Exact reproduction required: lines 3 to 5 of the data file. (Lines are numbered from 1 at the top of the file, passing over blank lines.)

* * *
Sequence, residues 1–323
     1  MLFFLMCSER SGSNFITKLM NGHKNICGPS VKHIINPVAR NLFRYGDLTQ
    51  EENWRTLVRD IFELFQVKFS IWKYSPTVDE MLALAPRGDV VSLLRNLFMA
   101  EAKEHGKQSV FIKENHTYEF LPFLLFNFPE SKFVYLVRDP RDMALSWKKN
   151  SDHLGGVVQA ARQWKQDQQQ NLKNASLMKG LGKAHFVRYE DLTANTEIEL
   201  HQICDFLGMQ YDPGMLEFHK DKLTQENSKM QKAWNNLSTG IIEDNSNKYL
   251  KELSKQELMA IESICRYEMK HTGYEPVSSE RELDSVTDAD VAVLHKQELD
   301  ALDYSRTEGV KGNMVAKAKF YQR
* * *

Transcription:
    51  EENWRTLVRD IFELFQVKFS IWKYSPTVDE MLALAPRGDV VSLLRNLFMA
   101  EAKEHGKQSV FIKENHTYEF LPFLLFNFPE SKFVYLVRDP RDMALSWKKN
   151  SDHLGGVVQA ARQWKQDQQQ NLKNASLMKG LGKAHFVRYE DLTANTEIEL